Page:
I’m heartbroken. In light of yet another terrorist attack–this time in Brussels, Belgium–I sit here feeling utterly helpless.
What could I have done to stop this?
Probably next to nothing, if I’m being optimistic.
What can I do to help keep something like this from ever happening again?
Not much, probably.
Change my Facebook profile picture?
Donate some of what little money I have (that I actually still get from my parents)?
Write a super powerful and uber inspiring blog post?
The truth is, any contribution I could ever possibly offer will hardly scratch the surface in the midst of all the other problems our world is facing. We are
fallen broken. We are helpless and in need of help.
Even so, I cannot lie here thinking that all this should stop me. There are still things that can be done, and, even more importantly, there are certain things that should not and must not be done.
As a Christian, I try to make my faith the most important thing in my life. The way that I view my God affects the way that I approach [almost] every single aspect of my being.
So that being said, I must take a look at what is going in the world through the lens of my faith, and ask: How should I, as a follower of Christ, respond to terrorism? How should I respond to murder? How should I respond to the bigotry and fear that will inevitably come in response to these treacherous acts?
Based on what I know of the Bible–the Word of my God–and the life and teachings of Jesus–the Son of God, the Word made flesh–here is what I know.
I know that:
- The poor and spirit, those who mourn, those who are merciful, and the peacemakers are called “blessed” (Matthew 5:3-4, 7, and 9)
- If someone strikes us across the right cheek, we are called to turn to them the other cheek (Matthew 5:39)
- We are called to love our enemies and pray for those who persecute us or are against us (Matthew 5:44)
- We are called to do to others as we would have them do to us (Matthew 7:12)
- The two greatest commands for those who follow Jesus are to love God and to love others (Matthew 22:37-39)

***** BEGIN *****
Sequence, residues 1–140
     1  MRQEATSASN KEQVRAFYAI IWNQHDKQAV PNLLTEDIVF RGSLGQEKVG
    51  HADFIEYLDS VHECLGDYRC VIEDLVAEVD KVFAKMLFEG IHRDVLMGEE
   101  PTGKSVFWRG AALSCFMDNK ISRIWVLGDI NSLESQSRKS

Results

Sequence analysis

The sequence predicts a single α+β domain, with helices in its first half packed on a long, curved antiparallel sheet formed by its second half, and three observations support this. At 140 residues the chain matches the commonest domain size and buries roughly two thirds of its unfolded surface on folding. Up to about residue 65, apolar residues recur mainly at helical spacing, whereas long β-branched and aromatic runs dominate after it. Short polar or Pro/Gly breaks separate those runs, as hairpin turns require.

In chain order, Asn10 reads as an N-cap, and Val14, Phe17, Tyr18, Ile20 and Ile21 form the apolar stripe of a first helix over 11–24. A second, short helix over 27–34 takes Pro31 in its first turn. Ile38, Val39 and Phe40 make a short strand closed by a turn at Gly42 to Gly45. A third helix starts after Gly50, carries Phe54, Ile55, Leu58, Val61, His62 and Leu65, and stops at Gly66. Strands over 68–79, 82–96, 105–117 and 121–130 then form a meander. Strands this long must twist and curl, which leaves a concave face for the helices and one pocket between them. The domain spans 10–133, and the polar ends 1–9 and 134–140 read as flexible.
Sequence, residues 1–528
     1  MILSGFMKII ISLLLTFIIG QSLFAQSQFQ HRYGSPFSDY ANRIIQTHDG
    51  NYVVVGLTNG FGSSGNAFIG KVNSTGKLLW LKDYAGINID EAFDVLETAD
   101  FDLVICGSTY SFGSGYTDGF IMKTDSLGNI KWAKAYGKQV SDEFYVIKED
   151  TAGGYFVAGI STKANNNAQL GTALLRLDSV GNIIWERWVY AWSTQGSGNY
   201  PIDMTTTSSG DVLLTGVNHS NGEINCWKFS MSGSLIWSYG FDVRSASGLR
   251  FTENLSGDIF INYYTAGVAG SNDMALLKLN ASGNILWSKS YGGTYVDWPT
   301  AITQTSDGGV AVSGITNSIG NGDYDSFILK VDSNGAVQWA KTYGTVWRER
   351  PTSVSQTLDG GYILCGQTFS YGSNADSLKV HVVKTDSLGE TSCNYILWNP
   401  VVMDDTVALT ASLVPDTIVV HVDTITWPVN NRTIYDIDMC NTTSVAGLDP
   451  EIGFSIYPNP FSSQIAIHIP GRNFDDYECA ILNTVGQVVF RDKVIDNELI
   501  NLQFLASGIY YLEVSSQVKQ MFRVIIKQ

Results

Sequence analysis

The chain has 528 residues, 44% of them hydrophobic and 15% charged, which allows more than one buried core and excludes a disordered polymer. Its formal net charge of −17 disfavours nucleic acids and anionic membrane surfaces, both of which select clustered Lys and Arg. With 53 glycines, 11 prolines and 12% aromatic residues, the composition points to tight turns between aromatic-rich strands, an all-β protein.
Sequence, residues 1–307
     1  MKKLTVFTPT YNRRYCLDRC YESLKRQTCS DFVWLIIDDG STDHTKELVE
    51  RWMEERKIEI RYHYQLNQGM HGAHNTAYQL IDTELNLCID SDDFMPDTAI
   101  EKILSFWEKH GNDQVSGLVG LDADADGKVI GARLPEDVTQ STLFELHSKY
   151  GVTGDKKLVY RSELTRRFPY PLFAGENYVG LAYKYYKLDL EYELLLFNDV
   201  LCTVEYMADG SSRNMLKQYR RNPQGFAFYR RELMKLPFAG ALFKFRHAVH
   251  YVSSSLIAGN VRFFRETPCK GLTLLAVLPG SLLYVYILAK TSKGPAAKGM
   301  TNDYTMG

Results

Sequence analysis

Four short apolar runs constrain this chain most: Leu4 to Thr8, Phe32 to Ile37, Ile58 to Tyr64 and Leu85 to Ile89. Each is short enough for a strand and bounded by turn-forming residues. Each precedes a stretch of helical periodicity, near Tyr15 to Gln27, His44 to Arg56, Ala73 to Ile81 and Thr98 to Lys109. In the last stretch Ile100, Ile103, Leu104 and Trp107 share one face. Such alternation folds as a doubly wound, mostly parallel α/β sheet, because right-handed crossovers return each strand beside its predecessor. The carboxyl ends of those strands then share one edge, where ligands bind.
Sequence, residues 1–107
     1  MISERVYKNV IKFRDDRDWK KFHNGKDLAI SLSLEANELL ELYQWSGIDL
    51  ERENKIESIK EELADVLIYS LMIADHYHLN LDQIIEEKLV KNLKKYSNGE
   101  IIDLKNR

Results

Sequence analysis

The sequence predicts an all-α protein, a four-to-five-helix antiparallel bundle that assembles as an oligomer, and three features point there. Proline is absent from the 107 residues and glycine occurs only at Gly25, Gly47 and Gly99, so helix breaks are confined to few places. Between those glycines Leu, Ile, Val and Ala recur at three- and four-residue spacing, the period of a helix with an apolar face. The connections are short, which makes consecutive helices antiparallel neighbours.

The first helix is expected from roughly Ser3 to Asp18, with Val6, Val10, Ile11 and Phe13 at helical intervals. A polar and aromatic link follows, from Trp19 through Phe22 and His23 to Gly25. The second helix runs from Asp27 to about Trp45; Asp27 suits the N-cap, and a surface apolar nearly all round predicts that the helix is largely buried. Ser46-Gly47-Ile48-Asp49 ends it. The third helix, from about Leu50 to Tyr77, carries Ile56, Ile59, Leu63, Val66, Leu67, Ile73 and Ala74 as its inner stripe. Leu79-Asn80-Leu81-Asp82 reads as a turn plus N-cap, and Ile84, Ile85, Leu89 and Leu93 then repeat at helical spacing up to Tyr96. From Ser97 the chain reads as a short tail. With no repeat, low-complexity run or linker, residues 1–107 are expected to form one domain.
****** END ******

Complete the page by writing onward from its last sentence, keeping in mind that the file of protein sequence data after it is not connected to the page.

- Those who live by the sword (or, presumably, the gun or the bomb) will inevitably die it (Matthew 26:52)
I also know that life isn’t always as easy as following these words, especially when there are people who intentionally do whatever they can to abhor these words.
I know that the same book from which I got these words say a lot of other things that some would even go so far as to say they contradict these teachings.
People who claim to follow the exact same God that I claim to follow have committed genocide, raped strangers, helpless people, and even their own family members.
I know that for centuries, Christians have been killing other people in the name of the same Jesus that spoke words of love and life, and that even today, some of God’s supposed loudest voices are calling other Christians to “carpet bomb [the terrorists] into oblivion” and even “bomb the shit out of them.”
But, all I can say is, these words seem to run counter to the words of the God they claim to know. They also seem to ignore some of his other words that talk about removing a plank from one’s own eye in order to remove a speck from a neighbor’s eye.
Even so, we build walls (literal and metaphorical). We buy more weapons. We cry for protection that we naively think we can provide for ourselves.
But these tactics have been attempted for thousands of years, and they’ve still proven to be faulty. They’ve still proven time and time again to only make things worse.
The revolution is found in love and in what comes out of love. Perhaps the most famous former terrorist in the world once stated that the signs of the one who knows God are love, joy, peace, patience, kindness, goodness, faithfulness, gentleness, and self-control.
This does not mean passivity, though it is often confused for it. It is radically, actively seeking out those who do not love and showing them what love looks like. Change starts in our heart. Love cannot be broken down, but only becomes stronger. Love is not found in the midst of war and anger, but in the midst of hurt and despair.
May we love as Christ loved us.